Finally: this is the Mk8 Volkswagen Golf GTI
New GTI is joined at Geneva by diesel GTD and plug-in GTE
Typical – you wait years for a new, fast Golf, then three come along all at once. Ok so spoiler alert, none is revolutionary or the teensiest bit surprising, but we’re glad they’re back all the same. And you should be too. VW certainly is – the GTI, GTE and GTD are set to account for more than 15 per cent of all Golf sales in Europe.
Star of next week’s Geneva Motor Show, for VW anyway, will undoubtedly be the Golf GTI. After all, the other two probably wouldn’t exist without it. Like its predecessor you get a 2.0-litre turbocharged petrol engine making 242bhp and 273lb ft – we expect 0-62mph in the low sixes, and a top speed north of 150mph. Drive is sent only to the front-axle, wait for the 300bhp-plus Golf R for all-wheel drive, via either a six-speed manual gearbox or seven-speed DSG.
The GTD and GTE’s powertrains are more interesting on a technical level. The former has one of the cleanest diesel engines in the world, or so says VW – a 2.0-litre turbodiesel that uses twin-dosing to cut nitrogen emissions. It’s had a power bump too, from 181bhp to 197bhp, and is only available with the DSG.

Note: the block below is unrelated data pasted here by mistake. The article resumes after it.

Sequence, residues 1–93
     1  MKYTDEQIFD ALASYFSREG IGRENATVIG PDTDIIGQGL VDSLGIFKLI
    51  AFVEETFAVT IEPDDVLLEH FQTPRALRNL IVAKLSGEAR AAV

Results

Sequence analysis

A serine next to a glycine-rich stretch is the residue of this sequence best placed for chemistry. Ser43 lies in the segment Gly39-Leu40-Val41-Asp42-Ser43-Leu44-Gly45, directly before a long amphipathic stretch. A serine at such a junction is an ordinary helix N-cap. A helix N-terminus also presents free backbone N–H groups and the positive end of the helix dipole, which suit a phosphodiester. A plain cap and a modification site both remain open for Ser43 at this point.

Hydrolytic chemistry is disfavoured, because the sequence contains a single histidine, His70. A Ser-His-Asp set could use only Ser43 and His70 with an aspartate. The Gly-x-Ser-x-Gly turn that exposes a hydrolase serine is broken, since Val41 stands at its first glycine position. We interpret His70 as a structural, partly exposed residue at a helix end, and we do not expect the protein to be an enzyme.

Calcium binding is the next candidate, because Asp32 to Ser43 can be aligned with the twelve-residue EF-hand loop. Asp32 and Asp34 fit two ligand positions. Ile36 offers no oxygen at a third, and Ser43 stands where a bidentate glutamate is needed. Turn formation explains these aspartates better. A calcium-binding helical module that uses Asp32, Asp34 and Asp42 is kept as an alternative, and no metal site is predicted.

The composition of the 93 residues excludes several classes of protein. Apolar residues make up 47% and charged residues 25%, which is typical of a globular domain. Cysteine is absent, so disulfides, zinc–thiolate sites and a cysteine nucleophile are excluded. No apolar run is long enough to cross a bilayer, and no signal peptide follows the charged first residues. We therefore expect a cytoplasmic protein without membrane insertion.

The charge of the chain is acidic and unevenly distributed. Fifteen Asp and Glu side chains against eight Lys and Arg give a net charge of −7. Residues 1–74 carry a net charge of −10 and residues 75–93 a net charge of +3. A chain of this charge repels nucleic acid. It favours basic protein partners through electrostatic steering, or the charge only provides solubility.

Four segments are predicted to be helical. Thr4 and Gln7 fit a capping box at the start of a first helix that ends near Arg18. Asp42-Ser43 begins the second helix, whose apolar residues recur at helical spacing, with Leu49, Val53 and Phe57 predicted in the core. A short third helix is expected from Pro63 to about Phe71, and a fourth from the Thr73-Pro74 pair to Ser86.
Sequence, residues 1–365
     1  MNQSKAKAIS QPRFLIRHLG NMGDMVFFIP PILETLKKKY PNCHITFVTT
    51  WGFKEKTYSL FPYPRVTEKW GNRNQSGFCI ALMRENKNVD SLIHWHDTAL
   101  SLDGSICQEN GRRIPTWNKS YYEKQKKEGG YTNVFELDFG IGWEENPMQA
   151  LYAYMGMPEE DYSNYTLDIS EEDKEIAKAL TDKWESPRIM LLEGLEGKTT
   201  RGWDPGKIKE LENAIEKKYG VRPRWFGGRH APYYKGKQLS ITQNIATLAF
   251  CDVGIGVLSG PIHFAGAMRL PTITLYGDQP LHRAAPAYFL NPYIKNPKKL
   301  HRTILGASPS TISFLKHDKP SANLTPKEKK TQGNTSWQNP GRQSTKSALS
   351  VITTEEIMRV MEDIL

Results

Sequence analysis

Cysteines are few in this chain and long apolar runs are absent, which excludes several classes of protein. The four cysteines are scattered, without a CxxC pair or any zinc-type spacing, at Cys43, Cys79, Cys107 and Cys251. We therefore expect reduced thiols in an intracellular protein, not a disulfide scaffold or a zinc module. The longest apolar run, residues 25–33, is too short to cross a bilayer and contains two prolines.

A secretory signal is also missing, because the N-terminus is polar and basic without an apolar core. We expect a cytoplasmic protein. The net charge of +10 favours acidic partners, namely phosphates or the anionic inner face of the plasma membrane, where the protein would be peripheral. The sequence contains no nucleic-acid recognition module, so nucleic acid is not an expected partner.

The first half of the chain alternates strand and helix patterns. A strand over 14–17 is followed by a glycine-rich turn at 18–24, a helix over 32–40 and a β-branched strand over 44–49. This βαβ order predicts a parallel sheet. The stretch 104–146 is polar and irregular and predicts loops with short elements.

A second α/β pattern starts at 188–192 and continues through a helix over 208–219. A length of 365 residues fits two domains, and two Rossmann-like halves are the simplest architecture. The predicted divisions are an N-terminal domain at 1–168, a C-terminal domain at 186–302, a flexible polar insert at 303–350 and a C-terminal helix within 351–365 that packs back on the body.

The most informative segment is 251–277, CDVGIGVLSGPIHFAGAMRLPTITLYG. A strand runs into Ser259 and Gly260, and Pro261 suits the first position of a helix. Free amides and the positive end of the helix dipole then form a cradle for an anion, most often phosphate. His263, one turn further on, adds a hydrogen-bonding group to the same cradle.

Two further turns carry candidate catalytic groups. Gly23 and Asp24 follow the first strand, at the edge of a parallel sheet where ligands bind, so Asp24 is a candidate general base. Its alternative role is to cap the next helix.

Meanwhile the GTE, which is also more powerful than before, has the same 242bhp as the GTI (more torque, though – 295lb ft), only it makes said power very differently. 148bhp comes from a 1.4-litre petrol engine, and the rest from an electric motor that draws power from a 50 per cent bigger 13kWh battery. A six-speed DSG meshes everything together and sends power forwards. EV-range is said to be around 37 miles thanks to improved aero, as well as that bigger battery.
The GTE may be as powerful as the GTI, but no doubt the batteries and other hybrid gubbins add performance-blunting kilos – the old 201bhp Mk7 GTE was 200kg heavier than the equivalent GTI. That said, we’re promised “significantly sharpened driving dynamics” from all three cars, thanks to revised suspension and more intelligent, optional DCC.
Looks? Same for all three cars bar different colour schemes for GTI, GTD and GTE. GTIs get a red stripe in the grille, as is traditional, while the GTD gets a silver highlight and the GTE blue. They all get those natty five-piece LED daytime running lights, and can be spec’ed with a full-width light bar connecting the headlights. The GTI gets twin exhausts – one pipe each side – the GTD gets a single, twin-exit exhaust while the GTE has no visible exhausts at all. It’s all very discrete, very VW, very GTI.
Inside you’ll find a dashboard largely bereft of buttons – most functions are taken care of via the central touchscreen, and what ‘buttons’ remain are mainly touch-sensitive rather than ones you, y’know, press. GTI, E and D-specific features include chequered upholstery, a sports steering wheel and, ah yes, in the manual GTI, a golf ball-shaped gear lever.
Which one’s your favourite?